Saturday 17 September 2022

Shudder Saturday: The Final Wish (2020)

I didn't read up on what The Final Wish was actually about before I started to watch it. The title made me think (not without reason, I would say) that it would be another telling of The Monkey's Paw. It isn't, but it's not entirely dissimilar to that classic horror tale. 

Michael Welch plays Aaron Hammond, a young man who heads home to help his mother (Kate, played by Lin Shaye) after the passing of his father. Aaron also reunites with Lisa (Melissa Bolona), but Lisa is now in a relationship with the ever-ready-to-be-abusive-local-cop Derek (Kaiwi Lyman) so it's probably best if Aaron just catches up with some other friends, Tyrone (Jean Elie) and Jeremy (Jonathan Daniel Brown). There's also an old item that catches Aaron's eye, something that he soon starts to suspect is helping to make his wishes come true. But at what cost?

Directed by Timothy Woodward Jr., and co-written by a trio of writers, The Final Wish is a perfectly enjoyable, and well-made, horror movie. It isn’t too intense or gory, it’s a bit predictable, and the cast are decidedly okay, but it passes the time well enough, and works well in what it is setting out to do. The biggest problem with it is the fact that those involved didn’t just fully commit to doing The Monkey’s Paw, instead thinking the tweaks and additions would be enough to make it feel a bit fresh and unique. They don’t.

Welch is perfectly fine in the lead role, and he has to sell some aspects of his character that aren’t really made as obvious as they should be. The rest of the cast are largely easy to forget, sadly, with both Elie and Brown left to hang around in scenes that could have used a bit more punch. Bolona has to portray someone stuck in between passive and assertive, which she does well enough, and Lyman has the most fun out of everyone, playing his nasty bastard character as a full-on nasty bastard. Shaye is always welcome, and one or two scenes certainly make this worth watching if you enjoy her work.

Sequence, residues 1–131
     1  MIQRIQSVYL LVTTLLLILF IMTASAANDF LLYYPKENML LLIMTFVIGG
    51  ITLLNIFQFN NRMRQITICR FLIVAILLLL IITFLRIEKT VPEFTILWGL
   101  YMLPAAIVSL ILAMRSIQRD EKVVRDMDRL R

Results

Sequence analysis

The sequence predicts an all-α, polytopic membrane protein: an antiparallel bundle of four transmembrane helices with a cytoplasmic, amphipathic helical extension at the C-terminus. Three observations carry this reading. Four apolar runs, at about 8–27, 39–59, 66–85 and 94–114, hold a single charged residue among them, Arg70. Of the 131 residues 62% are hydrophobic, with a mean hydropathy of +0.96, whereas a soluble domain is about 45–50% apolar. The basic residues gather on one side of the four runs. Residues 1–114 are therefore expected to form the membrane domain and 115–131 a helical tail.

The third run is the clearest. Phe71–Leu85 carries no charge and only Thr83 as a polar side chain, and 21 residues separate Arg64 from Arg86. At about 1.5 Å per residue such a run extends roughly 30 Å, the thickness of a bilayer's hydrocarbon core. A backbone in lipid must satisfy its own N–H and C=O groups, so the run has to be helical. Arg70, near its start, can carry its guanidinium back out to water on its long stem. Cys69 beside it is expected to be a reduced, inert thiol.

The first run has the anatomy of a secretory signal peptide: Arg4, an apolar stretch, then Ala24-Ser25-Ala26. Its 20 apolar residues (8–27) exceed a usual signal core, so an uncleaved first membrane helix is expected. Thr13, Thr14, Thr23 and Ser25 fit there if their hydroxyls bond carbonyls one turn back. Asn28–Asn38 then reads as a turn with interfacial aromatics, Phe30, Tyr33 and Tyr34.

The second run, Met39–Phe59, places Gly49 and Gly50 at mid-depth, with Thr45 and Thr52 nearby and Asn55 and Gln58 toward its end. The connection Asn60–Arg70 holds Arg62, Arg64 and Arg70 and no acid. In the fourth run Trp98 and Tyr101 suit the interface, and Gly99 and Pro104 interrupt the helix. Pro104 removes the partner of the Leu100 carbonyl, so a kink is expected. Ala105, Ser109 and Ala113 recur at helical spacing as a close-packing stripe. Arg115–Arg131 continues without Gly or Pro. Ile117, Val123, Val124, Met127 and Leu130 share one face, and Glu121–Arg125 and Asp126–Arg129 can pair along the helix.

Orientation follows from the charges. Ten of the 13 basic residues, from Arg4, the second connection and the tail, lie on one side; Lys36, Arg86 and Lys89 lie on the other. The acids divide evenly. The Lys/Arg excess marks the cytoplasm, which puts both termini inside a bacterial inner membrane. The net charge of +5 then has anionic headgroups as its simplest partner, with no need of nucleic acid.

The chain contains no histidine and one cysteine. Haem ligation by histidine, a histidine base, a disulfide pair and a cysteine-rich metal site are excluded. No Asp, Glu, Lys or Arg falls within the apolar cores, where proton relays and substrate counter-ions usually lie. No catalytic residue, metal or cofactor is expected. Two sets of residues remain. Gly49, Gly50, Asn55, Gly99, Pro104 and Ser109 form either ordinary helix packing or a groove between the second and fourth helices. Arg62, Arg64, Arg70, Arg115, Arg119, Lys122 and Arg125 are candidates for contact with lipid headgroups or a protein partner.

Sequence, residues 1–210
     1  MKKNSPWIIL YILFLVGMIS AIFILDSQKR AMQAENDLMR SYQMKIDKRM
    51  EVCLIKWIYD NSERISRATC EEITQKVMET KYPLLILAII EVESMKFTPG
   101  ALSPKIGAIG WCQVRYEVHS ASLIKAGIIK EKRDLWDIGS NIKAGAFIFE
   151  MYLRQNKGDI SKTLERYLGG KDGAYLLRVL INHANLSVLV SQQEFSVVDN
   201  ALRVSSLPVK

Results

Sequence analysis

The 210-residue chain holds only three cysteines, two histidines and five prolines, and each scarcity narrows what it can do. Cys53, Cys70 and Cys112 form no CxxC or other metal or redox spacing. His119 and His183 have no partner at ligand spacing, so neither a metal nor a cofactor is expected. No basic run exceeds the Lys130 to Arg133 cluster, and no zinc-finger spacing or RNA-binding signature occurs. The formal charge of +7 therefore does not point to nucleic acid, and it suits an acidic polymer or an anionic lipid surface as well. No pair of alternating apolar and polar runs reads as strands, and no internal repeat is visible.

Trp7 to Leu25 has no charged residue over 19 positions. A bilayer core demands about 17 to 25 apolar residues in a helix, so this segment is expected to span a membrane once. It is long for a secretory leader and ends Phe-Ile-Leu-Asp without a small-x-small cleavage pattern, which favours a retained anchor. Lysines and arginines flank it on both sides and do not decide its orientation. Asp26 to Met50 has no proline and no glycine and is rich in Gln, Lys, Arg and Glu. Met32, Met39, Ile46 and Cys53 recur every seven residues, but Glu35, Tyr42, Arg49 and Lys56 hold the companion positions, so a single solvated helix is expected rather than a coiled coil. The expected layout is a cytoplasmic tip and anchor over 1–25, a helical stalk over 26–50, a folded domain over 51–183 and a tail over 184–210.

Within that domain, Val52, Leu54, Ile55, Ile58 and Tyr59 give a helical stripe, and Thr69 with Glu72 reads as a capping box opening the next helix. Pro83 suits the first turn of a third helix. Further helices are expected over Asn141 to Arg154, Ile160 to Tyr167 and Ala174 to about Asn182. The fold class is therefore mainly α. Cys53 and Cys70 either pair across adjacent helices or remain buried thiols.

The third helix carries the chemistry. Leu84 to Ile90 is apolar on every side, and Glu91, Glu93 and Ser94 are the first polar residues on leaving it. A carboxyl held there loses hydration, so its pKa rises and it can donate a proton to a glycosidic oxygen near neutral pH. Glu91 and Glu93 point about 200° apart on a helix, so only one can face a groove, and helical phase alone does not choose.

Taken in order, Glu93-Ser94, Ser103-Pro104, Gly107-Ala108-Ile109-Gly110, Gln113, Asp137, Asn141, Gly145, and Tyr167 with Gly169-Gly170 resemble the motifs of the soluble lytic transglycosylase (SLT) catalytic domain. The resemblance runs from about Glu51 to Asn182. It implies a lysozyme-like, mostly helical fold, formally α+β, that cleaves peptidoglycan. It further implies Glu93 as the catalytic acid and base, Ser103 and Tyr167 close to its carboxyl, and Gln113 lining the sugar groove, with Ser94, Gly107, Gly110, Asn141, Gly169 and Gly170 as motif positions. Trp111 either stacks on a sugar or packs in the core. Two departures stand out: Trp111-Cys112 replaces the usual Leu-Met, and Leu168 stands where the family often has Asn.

People don’t just want the same thing over and over again, that is correct (although sometimes, as I have said before, there is a certain comfort in the familiar), but when you have such a classic concept at the heart of your tale then it makes sense to either completely rework things, maybe going a lot wilder with main plot points, or attempt a modernized presentation of something very traditional. The Final Wish falls between these two stools, to the detriment of the final product. It is good, good enough anyway, but never becomes any better than that.


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